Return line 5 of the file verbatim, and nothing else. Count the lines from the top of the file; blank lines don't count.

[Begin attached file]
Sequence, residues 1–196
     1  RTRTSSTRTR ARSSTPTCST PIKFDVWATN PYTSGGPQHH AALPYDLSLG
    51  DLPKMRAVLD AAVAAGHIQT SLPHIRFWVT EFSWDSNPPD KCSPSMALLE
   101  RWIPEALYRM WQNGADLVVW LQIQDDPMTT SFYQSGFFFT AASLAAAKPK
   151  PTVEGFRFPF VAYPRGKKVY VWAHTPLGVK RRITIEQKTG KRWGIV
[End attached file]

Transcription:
   151  PTVEGFRFPF VAYPRGKKVY VWAHTPLGVK RRITIEQKTG KRWGIV